To compare the different products, I set up an experiment: four shingles (Maibec grade A Natucket) were each treated with a product that might be suitable for reshingling. On July 4, 2008, the shingles were nailed to a board, which in turn was mounted on the southern face of the house. To accelerate aging, I spray the shingles with chlorinated tap water 10-12 times a day. The experiment will have limited value to this project because our decision will have to be made in a few weeks; I intend to continue the test until 2010 or so, however, and post updates here.

Pictured below are the four treated shingles; in the lower part of the image is a closeup showing the wood after it was hit with a spritz of water.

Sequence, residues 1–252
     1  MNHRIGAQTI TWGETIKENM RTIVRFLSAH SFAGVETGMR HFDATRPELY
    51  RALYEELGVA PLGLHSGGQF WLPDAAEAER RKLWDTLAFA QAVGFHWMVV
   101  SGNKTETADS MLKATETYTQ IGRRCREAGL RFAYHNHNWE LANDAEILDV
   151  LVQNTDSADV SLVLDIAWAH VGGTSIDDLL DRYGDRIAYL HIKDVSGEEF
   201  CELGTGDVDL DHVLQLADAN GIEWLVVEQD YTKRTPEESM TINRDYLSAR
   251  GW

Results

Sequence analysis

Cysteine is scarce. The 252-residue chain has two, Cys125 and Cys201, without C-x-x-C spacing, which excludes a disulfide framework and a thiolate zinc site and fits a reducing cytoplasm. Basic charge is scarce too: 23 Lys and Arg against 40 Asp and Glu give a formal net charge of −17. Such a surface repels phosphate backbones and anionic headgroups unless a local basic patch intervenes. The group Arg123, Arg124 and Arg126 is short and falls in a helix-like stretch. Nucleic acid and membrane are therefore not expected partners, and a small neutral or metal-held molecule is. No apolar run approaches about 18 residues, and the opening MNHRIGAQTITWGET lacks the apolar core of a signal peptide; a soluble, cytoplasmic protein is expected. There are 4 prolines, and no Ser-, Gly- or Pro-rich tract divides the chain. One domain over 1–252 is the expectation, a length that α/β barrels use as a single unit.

1 Flood's CWF-UV Shown here in their "clear" finish, Flood's UV formula is not being considered for this project because it's not recommended for use on new wood. The company's website states that new wood should be instead saturated with their water-soluble "New Wood Defender" for a year, but oops -- that turns out to be a discontinued product. Their telephone customer support rep says they now suggest that new wood just be left untreated until it's dry enough to absorb a drop of water in twenty seconds. This product has an unusual oil/water formula with about 60% VOCs, most of it paraffin/naphta. Flood is the only company here that offers a warranty on UV damage (4 year).